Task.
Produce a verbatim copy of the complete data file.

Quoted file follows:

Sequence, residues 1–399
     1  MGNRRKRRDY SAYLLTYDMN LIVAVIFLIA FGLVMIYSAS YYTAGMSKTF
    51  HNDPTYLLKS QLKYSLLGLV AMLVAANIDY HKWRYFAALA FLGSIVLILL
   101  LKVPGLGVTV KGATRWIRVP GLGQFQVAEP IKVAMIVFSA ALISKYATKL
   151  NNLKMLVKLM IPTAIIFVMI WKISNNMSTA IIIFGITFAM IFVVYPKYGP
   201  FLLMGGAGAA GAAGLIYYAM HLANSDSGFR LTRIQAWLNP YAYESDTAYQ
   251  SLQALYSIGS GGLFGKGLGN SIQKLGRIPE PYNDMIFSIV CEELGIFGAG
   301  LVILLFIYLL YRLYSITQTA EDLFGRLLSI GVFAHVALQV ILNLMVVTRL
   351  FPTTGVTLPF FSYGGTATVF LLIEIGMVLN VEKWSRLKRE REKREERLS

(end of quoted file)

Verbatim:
Sequence, residues 1–399
     1  MGNRRKRRDY SAYLLTYDMN LIVAVIFLIA FGLVMIYSAS YYTAGMSKTF
    51  HNDPTYLLKS QLKYSLLGLV AMLVAANIDY HKWRYFAALA FLGSIVLILL
   101  LKVPGLGVTV KGATRWIRVP GLGQFQVAEP IKVAMIVFSA ALISKYATKL
   151  NNLKMLVKLM IPTAIIFVMI WKISNNMSTA IIIFGITFAM IFVVYPKYGP
   201  FLLMGGAGAA GAAGLIYYAM HLANSDSGFR LTRIQAWLNP YAYESDTAYQ
   251  SLQALYSIGS GGLFGKGLGN SIQKLGRIPE PYNDMIFSIV CEELGIFGAG
   301  LVILLFIYLL YRLYSITQTA EDLFGRLLSI GVFAHVALQV ILNLMVVTRL
   351  FPTTGVTLPF FSYGGTATVF LLIEIGMVLN VEKWSRLKRE REKREERLS